This thesis regards the method of full field time-of-flight depth imaging by way of amplitude modulated continuous wave signals correlated with step-shifted reference waveforms using a specialized solid state CMOS sensor, referred to as photonic mixing device. The specific focus deals with the inherent issue of depth ambiguity due to a fundamental property of periodic signals: that they repeat, or wrap, after each period, and any signal shifted by a whole number of wavelengths is indistinguishable from the original. Recovering the full extent of the signal’s path is known as phase unwrapping. The common, accepted solution requires the imaging of a series of two or more signals with differing modulation frequencies to resolve the ambiguity, the time delay of which will result in erroneous or invalid measurements for non-static elements of the scene. This work details a physical model of the observable illumination of the scene which provides priors for a novel probabilistic framework to recover the scene geometry by imaging only a single modulated signal. It is demonstrated that this process is able to provide more than adequate results in a majority of representative scenes, and that it can be accomplished on typical computer hardware at a speed that allows for the range imaging to be utilized in real-time, interactive applications.
One such real-time application is presented: alpha-matting, or foreground segmentation, for background substitution of live video. This is a generalized version of the common technique of green-screening that is utilized, for example, by every local weather reporter. The presented method, however, requires no special background, and is able to perform on high resolution video from a lower resolution depth image.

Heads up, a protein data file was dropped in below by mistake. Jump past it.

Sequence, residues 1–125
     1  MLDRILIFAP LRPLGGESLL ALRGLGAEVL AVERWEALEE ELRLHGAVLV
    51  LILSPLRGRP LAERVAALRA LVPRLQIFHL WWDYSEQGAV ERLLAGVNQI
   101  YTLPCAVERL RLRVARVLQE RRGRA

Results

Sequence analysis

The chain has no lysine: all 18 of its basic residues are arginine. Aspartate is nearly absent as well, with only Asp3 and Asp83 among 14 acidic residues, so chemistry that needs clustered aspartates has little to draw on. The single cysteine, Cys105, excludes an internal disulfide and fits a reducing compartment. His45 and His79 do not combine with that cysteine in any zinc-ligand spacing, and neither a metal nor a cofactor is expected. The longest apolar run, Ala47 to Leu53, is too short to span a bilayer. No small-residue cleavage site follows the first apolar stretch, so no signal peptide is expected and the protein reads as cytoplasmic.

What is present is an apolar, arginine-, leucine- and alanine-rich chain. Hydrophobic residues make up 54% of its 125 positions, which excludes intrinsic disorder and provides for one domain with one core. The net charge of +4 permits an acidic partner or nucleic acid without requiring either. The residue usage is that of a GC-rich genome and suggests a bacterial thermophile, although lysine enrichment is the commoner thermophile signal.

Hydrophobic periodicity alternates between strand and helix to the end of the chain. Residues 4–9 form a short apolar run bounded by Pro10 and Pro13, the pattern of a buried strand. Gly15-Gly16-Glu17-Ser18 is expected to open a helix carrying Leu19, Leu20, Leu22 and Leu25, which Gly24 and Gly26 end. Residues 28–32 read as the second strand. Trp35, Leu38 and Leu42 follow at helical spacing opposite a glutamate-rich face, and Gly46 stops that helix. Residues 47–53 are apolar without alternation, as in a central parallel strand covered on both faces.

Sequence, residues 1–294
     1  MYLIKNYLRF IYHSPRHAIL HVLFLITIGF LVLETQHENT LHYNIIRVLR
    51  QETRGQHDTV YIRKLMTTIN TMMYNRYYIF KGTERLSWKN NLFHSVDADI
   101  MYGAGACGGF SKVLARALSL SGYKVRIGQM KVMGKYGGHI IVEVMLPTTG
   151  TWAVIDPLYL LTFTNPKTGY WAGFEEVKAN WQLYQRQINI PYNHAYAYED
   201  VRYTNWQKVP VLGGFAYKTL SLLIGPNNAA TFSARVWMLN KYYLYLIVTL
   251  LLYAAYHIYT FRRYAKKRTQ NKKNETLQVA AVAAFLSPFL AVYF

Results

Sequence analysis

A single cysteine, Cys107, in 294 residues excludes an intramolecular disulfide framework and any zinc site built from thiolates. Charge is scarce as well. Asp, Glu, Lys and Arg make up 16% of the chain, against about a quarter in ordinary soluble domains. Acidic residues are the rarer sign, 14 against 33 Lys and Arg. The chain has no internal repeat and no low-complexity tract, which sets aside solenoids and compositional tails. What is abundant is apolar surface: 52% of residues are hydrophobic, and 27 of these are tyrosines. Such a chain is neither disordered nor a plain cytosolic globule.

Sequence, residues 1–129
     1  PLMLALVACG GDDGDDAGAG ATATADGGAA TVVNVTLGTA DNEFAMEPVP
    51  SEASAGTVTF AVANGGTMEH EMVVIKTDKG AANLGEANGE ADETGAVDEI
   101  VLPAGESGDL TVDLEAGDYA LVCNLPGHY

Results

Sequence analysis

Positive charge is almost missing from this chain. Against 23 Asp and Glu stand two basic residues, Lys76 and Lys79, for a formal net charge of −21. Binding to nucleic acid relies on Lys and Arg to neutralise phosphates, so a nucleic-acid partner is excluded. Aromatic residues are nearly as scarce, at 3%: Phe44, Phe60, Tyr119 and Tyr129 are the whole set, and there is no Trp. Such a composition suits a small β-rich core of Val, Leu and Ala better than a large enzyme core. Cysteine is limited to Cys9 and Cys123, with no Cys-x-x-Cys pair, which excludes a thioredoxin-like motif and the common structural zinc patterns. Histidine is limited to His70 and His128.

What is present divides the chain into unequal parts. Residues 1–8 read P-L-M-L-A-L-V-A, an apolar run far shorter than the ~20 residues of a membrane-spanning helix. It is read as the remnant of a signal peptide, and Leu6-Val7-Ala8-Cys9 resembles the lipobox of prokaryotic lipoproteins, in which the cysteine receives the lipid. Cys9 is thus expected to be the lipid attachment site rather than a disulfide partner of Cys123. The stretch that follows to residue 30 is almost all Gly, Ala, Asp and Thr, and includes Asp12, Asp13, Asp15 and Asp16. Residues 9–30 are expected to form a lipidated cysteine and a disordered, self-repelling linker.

|Commitee:||Davis, James E., Elkaim, Gabriel H., Manduchi, Roberto|
|School:||University of California, Santa Cruz|
|School Location:||United States -- California|
|Source:||DAI-B 77/06(E), Dissertation Abstracts International|
|Keywords:||Computer vision, Phase unwrapping, Range imaging, Time of flight|
Copyright in each Dissertation and Thesis is retained by the author. All Rights Reserved
The supplemental file or files you are about to download were provided to ProQuest by the author as part of a
dissertation or thesis. The supplemental files are provided "AS IS" without warranty. ProQuest is not responsible for the
content, format or impact on the supplemental file(s) on our system. in some cases, the file type may be unknown or
may be a .exe file. We recommend caution as you open such files.
Copyright of the original materials contained in the supplemental file is retained by the author and your access to the
supplemental files is subject to the ProQuest Terms and Conditions of use.
Depending on the size of the file(s) you are downloading, the system may take some time to download them. Please be